HOW TO BECOME A PHARMACY TECHNICIAN IN MASSACHUSETTS
If you decide to pursue a career as a pharmacy technician, your job duties are going to vary depending on where you work. However, there are certain duties you will have no matter where you’re employed. [Leer en español]
A large part of your daily tasks will involve receiving and confirming prescription orders. This may be over the phone, by fax, or through email. You also will need to verify insurance coverage before someone picks up their medication. Other job duties will entail preparing and filling medication, talking to customers and answering their questions, managing inventory, handling organization tasks, and a few specialized roles, including compounding products.
PHARMACY TECHNICIAN REQUIREMENTS IN MASSACHUSETTS
Due to the nature of the job, Massachusetts’ Board of Registration in Pharmacy has a list of requirements that you must meet to become a pharmacy technician. You must be 18 years old, have a high school diploma or GED (or be in a program that will reward such a degree), and have completed either a Board-approved program or spent at least 500 hours employed as a pharmacy tech trainee. Additionally, you cannot have a drug-related felony conviction on your record.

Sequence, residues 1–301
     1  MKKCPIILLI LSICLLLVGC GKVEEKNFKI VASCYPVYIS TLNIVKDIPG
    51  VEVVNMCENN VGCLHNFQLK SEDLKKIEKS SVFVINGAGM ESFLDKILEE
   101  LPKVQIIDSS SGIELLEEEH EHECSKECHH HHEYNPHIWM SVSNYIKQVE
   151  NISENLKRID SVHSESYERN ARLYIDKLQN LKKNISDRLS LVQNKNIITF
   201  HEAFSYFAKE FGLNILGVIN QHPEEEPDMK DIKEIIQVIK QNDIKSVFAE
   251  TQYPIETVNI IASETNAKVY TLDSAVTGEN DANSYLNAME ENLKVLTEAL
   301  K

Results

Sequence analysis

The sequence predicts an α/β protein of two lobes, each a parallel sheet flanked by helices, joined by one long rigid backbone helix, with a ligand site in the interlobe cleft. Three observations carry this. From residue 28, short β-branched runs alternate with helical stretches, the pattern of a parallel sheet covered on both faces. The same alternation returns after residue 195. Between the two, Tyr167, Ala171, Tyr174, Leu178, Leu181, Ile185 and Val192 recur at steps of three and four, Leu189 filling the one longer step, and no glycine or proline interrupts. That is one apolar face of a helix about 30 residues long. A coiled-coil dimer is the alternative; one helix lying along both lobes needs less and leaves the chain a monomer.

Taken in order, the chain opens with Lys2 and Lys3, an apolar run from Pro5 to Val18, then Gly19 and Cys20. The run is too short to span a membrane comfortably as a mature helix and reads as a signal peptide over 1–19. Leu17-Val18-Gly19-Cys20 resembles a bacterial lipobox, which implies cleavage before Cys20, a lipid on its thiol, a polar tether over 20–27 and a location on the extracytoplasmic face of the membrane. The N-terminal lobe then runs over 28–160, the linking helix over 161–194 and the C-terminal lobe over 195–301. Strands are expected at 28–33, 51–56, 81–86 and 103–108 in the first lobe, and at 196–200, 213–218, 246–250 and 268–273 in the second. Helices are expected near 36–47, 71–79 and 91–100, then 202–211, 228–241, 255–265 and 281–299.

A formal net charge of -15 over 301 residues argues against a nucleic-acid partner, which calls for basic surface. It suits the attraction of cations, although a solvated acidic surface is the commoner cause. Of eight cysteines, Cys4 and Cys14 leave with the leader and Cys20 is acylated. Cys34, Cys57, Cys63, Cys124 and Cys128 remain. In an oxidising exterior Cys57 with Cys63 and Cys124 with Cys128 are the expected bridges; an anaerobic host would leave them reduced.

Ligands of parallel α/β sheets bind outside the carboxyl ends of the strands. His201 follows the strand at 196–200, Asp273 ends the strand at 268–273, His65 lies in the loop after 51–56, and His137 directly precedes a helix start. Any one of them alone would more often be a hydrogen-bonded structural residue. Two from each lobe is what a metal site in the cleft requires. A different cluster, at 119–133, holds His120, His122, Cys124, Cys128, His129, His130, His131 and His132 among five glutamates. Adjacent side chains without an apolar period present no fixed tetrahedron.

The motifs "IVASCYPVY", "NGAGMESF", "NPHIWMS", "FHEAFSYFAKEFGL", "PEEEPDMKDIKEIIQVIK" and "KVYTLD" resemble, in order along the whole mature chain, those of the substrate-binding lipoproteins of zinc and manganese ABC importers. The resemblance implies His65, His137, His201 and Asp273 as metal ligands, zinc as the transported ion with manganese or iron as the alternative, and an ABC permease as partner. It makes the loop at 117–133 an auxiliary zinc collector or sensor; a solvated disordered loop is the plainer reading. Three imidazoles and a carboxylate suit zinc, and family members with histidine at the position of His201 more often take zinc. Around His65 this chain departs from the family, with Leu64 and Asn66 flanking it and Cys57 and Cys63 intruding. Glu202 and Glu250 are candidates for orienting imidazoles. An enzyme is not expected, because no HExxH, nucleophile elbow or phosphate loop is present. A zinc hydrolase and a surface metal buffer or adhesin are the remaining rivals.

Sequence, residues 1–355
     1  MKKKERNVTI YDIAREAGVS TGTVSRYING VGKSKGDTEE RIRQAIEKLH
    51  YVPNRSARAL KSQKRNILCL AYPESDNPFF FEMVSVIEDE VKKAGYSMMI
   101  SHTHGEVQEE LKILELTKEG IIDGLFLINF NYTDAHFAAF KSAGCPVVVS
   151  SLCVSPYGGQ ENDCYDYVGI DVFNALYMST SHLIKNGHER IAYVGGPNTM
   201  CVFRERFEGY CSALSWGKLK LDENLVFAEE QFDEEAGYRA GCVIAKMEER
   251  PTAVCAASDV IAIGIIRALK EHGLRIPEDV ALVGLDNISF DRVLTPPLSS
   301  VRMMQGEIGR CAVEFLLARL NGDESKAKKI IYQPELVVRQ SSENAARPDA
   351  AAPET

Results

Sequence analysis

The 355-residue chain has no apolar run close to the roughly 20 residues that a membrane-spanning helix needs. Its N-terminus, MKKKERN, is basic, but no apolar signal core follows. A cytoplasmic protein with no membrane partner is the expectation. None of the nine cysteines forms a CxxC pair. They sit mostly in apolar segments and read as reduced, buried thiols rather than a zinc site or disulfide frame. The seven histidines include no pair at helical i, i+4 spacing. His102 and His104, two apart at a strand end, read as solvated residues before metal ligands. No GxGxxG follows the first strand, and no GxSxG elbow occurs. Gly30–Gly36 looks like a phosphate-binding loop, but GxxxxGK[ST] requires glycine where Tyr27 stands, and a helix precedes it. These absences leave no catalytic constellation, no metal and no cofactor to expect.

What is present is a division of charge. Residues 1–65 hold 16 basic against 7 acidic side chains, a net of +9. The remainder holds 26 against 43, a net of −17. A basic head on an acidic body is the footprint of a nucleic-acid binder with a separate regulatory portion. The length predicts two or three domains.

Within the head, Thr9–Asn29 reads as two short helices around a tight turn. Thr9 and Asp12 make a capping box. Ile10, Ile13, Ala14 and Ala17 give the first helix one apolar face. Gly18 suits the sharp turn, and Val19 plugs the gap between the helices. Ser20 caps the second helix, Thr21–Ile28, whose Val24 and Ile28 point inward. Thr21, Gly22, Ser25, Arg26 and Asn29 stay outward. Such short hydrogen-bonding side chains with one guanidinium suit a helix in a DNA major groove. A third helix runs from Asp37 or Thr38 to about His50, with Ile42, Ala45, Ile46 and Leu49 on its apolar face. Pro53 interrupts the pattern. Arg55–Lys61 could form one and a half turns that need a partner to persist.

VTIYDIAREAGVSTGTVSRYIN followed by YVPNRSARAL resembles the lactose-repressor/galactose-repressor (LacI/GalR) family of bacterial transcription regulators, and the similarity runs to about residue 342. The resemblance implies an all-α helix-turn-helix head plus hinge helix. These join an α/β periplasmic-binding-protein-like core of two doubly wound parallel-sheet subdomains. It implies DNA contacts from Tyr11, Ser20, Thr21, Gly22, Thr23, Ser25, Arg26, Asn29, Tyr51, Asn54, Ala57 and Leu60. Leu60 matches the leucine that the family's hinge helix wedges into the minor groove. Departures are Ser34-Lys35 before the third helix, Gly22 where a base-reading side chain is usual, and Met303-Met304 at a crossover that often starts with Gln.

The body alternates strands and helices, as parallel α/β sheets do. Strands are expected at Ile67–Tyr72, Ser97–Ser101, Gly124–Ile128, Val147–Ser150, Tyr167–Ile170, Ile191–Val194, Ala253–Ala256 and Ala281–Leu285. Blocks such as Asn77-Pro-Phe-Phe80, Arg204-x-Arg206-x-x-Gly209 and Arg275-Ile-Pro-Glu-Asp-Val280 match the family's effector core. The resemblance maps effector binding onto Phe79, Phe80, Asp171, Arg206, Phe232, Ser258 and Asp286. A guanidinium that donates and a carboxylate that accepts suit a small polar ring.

Once you are licensed, you will be able to work in a variety of environments under the supervision of a licensed pharmacist.
PHARMACY TECHNICIAN SCHOOLS IN MASSACHUSETTS
To become a pharmacy tech in Massachusetts, you must have passed either a Board-approved examination offered by an employer or a Massachusetts Board-approved exam that will include either the Pharmacy Technician Certification Board (PTCB) national certification exam or the Exam for the Certification of Pharmacy Technician (ExCPT).
These are several pharmacy technician programs options for becoming a pharmacy technician in Massachusetts:
- Health Care Training Services, Fall River: Health Care Training Services offers a 42-hour course. The completion of this training program will allow students to work in many settings, including retail and institutional pharmacies, such as hospitals.